May 25, 2017

Astro-Event: Prospects for the 2012 Leonids.

Looking northeast at 2AM local.

(Created by the Author in Starry Night).

Thereís one yearly meteor shower thatís always worth watching out for. This weekend, the Leonid meteors are set to peak on November 17th. The bad news is: this is a bad year for this shower; although the Leonids can reach storm levels of +1,000 per hour as last happened in 1998 & 1999, this year the Zenithal Hourly Rate (ZHR) isnít expected to top 15. [Read more...]

AstroEvent: A Close Planetary Pairing +A Springtime Meteor Shower.

Looking eastward the morning of April 19th with a 5 degree FOV. (Created by the Author in Starry Night).

Where have all the planets gone? Well, with the exception of Saturn, theyíve all been hiding in the direction of the Sun. Thatís all beginning to change this week, however, as Mars, Mercury, and Jupiter slip into the dawn sky to join Venus in what will turn into a splendid early morning multi-planet conjunction in early May. [Read more...]

AstroEvent:The Ursa Minorids; a Meteor Shower in the Making?

A new radiant? (Created by the author in Starry Night).

The general impression that most folks have of annual meteor showers is that they are largely static in nature. Long term trends, however, would suggest that they are slowly evolving, with new streams of debris replacing faint exhausted ones. Did our prehistoric ancestors watch the Perseids every August? Are there historically unknown meteor streams out there? Whatís the life span on the average shower? This week, we give you what could be a meteor shower in the making; the Gamma Ursae Minorids. [Read more...]

Will the Leonids Perform in 2009?

Looking East at about 1:30 AM local. (Credit: Redshift 7).

Looking East at about 1:30 AM local. (Credit: Redshift 7).

This week marks the return of the Space Shuttle Atlantis to orbit for its second to last flight, as well as the peak of the Leonid meteor shower. This is the notorious shower that has produced storm level peaks in access of 10,000 per hour in 1966 and 1833. This storm emanates from material shed by comet 51P Temple-Tuttle, and generally peaks once every 33 years or so around November 17th. Most years, the Leonids are a feeble 10 meteors per hour shower barely warranting attention. [Read more...]

See the Orionid Meteor Shower at its Peak.

The Orionid radiant. (Credit: Stellarium).

The Orionid radiant. (Credit: Stellarium).

Meteor season is now well underway. About midway between the August Perseids and the November Leonids is an often over-looked shower; the Orionids. The good news this year is the Orionids occur around the morning of October 21st, when the light-polluting moon is only three days past new and thus safely out of the morning sky. Expect to see up to 20-30 fast moving meteors, as was generally the reported case last year. For best results, be sure to watch several hours before dawn, or about 2-5 PM local. [Read more...]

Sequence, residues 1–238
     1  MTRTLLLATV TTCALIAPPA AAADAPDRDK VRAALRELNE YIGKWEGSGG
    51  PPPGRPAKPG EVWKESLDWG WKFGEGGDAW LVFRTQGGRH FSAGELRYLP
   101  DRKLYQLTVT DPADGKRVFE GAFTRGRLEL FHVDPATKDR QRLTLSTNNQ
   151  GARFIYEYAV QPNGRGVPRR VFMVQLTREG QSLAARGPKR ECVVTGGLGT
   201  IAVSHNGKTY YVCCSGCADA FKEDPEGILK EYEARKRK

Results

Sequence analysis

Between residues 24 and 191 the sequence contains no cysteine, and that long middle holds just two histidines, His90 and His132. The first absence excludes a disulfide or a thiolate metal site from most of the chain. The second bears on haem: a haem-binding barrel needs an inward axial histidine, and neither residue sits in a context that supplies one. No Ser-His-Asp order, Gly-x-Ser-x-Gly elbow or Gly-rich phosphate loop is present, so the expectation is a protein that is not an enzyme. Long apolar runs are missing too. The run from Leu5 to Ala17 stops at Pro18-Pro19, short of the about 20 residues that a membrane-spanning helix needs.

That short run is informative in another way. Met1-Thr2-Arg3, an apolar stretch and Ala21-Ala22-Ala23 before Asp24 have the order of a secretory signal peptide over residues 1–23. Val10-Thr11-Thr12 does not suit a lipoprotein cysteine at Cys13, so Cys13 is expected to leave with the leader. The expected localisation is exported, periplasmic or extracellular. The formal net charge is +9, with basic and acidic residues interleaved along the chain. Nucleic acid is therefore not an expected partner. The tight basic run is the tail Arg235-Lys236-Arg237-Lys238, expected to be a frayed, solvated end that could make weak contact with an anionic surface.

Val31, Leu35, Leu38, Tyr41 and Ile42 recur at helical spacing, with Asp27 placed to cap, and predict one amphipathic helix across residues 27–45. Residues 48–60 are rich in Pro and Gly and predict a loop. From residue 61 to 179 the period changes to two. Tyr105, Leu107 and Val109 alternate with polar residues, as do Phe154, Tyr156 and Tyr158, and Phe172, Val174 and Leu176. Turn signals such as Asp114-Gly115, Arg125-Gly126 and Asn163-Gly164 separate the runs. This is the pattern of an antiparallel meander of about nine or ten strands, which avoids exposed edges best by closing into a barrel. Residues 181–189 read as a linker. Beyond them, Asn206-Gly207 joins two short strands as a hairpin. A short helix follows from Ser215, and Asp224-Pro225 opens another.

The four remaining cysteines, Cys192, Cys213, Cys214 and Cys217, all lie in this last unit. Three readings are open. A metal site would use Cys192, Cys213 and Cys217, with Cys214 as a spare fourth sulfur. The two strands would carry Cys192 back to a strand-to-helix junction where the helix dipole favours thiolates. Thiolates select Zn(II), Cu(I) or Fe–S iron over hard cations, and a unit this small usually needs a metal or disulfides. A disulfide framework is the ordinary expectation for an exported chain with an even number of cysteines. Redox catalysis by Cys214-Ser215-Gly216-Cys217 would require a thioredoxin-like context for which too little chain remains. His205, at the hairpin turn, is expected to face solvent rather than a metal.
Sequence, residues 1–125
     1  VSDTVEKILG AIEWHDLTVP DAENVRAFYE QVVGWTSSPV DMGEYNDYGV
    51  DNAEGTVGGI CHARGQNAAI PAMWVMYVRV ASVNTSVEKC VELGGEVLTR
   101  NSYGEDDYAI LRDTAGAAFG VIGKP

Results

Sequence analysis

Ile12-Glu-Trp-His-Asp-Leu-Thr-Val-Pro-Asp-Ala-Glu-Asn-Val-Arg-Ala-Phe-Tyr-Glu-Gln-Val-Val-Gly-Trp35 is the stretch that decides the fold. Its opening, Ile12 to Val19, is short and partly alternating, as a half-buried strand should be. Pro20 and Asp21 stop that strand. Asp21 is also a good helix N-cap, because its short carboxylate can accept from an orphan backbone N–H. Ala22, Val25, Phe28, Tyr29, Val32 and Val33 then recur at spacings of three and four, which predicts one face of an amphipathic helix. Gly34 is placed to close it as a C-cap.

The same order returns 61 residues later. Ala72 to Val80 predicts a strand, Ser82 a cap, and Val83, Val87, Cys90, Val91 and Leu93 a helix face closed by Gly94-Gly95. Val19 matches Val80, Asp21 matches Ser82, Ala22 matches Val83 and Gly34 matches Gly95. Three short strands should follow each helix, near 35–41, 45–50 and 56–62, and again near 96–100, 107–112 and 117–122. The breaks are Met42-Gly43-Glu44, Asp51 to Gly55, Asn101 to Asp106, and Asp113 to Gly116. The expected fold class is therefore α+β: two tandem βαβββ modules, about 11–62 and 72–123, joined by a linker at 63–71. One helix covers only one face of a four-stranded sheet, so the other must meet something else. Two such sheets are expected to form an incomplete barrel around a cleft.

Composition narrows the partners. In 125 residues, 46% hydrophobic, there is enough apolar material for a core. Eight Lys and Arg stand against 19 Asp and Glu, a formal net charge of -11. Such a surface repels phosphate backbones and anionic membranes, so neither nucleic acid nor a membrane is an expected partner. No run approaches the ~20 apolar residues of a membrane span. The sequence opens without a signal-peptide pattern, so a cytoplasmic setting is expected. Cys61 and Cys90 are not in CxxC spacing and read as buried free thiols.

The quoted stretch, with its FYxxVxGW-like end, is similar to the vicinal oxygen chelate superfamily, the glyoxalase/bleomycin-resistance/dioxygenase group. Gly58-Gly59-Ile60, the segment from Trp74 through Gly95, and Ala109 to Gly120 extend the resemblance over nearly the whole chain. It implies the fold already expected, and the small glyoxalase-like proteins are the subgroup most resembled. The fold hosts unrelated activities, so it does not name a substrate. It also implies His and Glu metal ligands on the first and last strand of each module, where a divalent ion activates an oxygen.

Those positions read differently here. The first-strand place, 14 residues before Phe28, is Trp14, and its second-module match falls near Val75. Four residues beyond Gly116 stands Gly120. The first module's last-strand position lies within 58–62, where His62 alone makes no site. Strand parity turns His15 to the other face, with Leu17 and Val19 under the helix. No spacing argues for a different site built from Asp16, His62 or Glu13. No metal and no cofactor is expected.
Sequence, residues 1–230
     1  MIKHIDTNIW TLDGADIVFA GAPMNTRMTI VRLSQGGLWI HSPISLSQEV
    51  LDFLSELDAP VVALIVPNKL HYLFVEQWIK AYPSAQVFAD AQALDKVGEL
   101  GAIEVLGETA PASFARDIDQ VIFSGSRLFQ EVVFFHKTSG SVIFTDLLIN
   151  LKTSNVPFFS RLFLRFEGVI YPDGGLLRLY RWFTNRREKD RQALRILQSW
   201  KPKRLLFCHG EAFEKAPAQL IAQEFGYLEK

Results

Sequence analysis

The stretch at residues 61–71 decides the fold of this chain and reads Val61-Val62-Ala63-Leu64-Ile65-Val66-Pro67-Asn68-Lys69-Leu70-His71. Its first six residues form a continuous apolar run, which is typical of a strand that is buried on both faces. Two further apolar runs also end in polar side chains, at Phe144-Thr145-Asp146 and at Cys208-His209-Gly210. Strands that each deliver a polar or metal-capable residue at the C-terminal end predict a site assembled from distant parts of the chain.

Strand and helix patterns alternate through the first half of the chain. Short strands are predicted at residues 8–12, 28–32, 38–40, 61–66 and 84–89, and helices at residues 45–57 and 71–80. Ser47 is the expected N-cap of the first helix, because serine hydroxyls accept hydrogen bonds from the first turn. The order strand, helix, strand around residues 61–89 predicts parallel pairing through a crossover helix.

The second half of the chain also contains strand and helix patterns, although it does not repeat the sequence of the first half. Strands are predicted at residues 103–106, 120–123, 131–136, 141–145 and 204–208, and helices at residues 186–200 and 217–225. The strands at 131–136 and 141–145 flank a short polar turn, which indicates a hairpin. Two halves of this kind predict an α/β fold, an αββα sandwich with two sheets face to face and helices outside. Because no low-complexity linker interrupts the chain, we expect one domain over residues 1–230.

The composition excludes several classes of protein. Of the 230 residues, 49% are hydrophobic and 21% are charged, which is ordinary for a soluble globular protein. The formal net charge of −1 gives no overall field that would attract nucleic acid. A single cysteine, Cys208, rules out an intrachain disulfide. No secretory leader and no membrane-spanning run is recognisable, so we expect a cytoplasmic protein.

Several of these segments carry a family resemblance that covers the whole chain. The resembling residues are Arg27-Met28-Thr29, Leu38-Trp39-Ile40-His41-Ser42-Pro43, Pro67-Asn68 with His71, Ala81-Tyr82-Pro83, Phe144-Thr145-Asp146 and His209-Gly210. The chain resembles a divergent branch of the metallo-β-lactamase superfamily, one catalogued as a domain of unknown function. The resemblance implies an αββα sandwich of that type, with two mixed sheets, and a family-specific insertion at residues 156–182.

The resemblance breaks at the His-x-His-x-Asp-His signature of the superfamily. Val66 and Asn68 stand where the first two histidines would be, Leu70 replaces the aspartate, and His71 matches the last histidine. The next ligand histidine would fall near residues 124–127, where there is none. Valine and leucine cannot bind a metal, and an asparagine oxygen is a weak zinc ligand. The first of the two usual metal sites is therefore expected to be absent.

10.8.9: Will the Perseids Perform?

Are we in for a Perseid spike? (Credit: NASA/Spaceweather).

Are we in for a Perseid spike? (Credit: NASA/Spaceweather).

Set your alarm clocks; one of the best meteor showers of the year is about to gear up this week! The Perseid meteors are one of the most dependable annual showers of the summer season, with a typical zenithal hourly rate (ZHR) of up towards 60-100 per hour. This year however, we could be in for a treat; there is evidence that we may intercept a fresh stream shed by progenitor comet Swift-Tuttle in 1610. We have never passed through this particular stream before; predictions are trending towards a brief ZHR of up towards 200! Don’t forget, however, that ZHR is optimal; this assumes the radiant is directly overhead and that there is no light pollution. The shower peaks morning of Wednesday August 12th, although it would be worth it to peek at the sky a few days prior to see what we might be in for. This year, the timing actually favors the North American continent! Now for the bad news; the waning gibbous Moon will be rising just before midnight in the constellation Aries, and be about 63% illuminated. If this is your chief source of light pollution, try to position yourself for observing in a way that blocks the Moon behind a hill, peak of a roof, whatever is handy. The Perseids are a true treat because they occur in the northern hemisphere summer, when its generally pleasant to lay outside. And school’s still out, to boot! Be sure not to miss this one; the only observing equipment you need is your eyes. If you can convince a friend to observe with you in the wee hours, you can collectively cover more sky. The radiant is located in the constellation Perseus (hence the name) which will be high in the north east. And don’t forget the bug spray! [Read more...]

Meteor Shower Observing.

†† Stand outside on any clear, moonless night, and watch the sky. Odds are within a few minutes a meteor will slide silently by. While most things in universe and astronomy seem to happen on geological time scales, meteors are quick and fleeting, and a meteor storm can be one of the most awesome spectacles, such as the great Leonid outburst in 1833 and 1966. [Read more...]